At the beginning of one of your songs, “Gin in My System,” you mention Lil Wayne referencing one of your lines. What was hearing that like?
Oh my god, when I first heard it I was like, I can’t believe he did that! At first I was a little bit pissed, and then I was like, no, I’m actually happy because Lil Wayne just said my shit. He representing me, so I took that in stride. I used it to my advantage. I need more rappers to say more of my shit!
What’s the relationship between non-bounce hip-hop in New Orleans and the scene you’re in?
They definitely cross over a lot. Bounce is New Orleans all the way. In New Orleans, you can’t have a show without at least having one bounce artist on the bill, because people want to feel that beat. They want to hear it, because that’s New Orleans. We cross over a lot with the different hip-hop artists who come in, even the majors, because for the opener, they want something that’s gonna give y’all something that really gets y’all going and gets y’all hyped. I’ve opened for Lil Wayne, Snoop Dogg, many of them.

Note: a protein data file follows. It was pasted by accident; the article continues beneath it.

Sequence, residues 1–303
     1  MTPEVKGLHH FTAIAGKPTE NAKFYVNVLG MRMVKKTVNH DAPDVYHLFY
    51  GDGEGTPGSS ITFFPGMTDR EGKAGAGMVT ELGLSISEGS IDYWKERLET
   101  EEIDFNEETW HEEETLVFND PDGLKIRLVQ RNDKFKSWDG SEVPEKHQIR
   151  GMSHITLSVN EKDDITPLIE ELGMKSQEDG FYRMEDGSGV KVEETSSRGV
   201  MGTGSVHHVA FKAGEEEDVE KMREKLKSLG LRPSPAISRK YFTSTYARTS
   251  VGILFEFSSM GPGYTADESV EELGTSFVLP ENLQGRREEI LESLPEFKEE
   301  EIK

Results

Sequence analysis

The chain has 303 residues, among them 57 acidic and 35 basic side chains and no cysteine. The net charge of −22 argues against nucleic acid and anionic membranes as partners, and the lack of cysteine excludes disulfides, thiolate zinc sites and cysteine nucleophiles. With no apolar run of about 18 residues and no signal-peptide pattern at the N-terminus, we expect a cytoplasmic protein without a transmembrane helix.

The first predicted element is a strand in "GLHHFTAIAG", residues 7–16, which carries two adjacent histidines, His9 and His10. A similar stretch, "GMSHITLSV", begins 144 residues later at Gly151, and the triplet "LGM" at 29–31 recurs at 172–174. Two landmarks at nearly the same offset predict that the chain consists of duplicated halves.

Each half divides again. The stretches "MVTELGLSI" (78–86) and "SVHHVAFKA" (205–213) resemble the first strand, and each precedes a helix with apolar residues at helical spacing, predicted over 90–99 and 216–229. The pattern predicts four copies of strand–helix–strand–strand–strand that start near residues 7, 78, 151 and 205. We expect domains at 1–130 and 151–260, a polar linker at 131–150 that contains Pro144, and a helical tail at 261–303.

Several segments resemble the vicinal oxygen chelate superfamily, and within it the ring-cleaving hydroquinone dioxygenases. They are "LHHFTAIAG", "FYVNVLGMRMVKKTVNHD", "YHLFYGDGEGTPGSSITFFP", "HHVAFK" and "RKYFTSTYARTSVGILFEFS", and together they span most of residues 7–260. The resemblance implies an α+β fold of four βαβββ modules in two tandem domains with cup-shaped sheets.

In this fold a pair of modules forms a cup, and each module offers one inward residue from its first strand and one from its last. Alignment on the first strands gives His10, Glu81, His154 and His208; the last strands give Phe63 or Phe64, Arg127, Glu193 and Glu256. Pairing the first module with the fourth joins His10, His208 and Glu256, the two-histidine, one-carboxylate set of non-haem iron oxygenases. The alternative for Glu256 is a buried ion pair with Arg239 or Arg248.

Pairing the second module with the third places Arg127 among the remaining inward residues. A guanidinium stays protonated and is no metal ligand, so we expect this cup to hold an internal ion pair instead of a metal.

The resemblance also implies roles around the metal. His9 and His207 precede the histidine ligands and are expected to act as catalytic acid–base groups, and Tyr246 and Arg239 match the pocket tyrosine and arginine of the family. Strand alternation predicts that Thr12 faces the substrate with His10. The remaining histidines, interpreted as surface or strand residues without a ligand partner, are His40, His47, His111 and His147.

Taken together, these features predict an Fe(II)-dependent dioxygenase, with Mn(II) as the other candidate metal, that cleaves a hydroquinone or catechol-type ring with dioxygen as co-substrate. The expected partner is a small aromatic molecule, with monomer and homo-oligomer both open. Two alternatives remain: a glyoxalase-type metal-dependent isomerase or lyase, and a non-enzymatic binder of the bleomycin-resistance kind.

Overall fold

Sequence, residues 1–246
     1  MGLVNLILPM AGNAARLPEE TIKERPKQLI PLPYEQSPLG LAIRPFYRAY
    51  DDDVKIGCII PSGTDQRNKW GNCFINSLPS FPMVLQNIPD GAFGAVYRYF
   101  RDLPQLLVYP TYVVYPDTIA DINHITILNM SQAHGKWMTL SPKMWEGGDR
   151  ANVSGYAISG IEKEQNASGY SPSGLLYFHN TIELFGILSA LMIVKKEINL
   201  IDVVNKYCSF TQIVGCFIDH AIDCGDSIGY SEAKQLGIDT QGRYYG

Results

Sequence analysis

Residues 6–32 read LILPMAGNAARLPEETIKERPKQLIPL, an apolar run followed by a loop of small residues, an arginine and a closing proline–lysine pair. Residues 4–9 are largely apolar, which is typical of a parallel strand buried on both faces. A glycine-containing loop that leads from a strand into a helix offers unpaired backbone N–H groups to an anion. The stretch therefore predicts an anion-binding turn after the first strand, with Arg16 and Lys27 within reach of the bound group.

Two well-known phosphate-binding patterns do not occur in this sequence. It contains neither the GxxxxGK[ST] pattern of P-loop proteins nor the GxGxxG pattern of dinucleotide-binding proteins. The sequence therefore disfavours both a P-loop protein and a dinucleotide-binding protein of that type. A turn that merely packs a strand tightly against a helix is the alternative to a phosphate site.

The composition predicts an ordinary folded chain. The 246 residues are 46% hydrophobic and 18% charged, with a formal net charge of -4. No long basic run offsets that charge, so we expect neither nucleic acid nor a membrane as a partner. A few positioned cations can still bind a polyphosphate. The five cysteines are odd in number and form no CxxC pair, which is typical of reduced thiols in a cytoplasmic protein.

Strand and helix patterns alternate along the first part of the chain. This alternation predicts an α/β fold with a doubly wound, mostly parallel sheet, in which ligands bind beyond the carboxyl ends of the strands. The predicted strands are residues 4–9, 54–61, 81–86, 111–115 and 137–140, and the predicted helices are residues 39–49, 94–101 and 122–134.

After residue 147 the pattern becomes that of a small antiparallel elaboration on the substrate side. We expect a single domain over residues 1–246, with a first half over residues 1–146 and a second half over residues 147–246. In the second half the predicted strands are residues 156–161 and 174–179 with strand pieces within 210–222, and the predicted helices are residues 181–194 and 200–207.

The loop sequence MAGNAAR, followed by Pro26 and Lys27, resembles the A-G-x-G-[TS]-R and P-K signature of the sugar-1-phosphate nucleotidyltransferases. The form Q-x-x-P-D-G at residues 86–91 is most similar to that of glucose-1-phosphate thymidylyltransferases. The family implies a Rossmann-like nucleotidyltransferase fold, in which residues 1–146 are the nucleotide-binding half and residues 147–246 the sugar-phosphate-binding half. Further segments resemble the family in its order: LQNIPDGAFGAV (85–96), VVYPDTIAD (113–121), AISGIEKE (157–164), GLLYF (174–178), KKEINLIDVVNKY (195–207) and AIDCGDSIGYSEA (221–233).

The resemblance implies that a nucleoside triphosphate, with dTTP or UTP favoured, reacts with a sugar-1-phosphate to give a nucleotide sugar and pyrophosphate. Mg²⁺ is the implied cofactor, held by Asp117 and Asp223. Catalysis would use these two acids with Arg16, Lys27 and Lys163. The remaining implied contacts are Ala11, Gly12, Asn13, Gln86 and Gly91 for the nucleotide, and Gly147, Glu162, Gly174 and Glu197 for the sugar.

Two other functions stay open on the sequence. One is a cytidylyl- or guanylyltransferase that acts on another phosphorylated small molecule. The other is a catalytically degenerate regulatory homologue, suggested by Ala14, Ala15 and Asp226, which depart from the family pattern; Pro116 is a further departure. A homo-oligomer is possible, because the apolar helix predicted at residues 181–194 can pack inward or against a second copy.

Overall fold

You have an interior design business back home. Are there any other projects you’re excited about, or is bounce the only thing you’re focusing on at this point?
The decorating is always gonna be there; it’s something that I do and something that I learned. When I’m not in the studio I always do jobs because it frees my mind from all the other things, and it’s another creative process. I’m working on a reality show as well, and a documentary. So there’s a lot going on with me right now.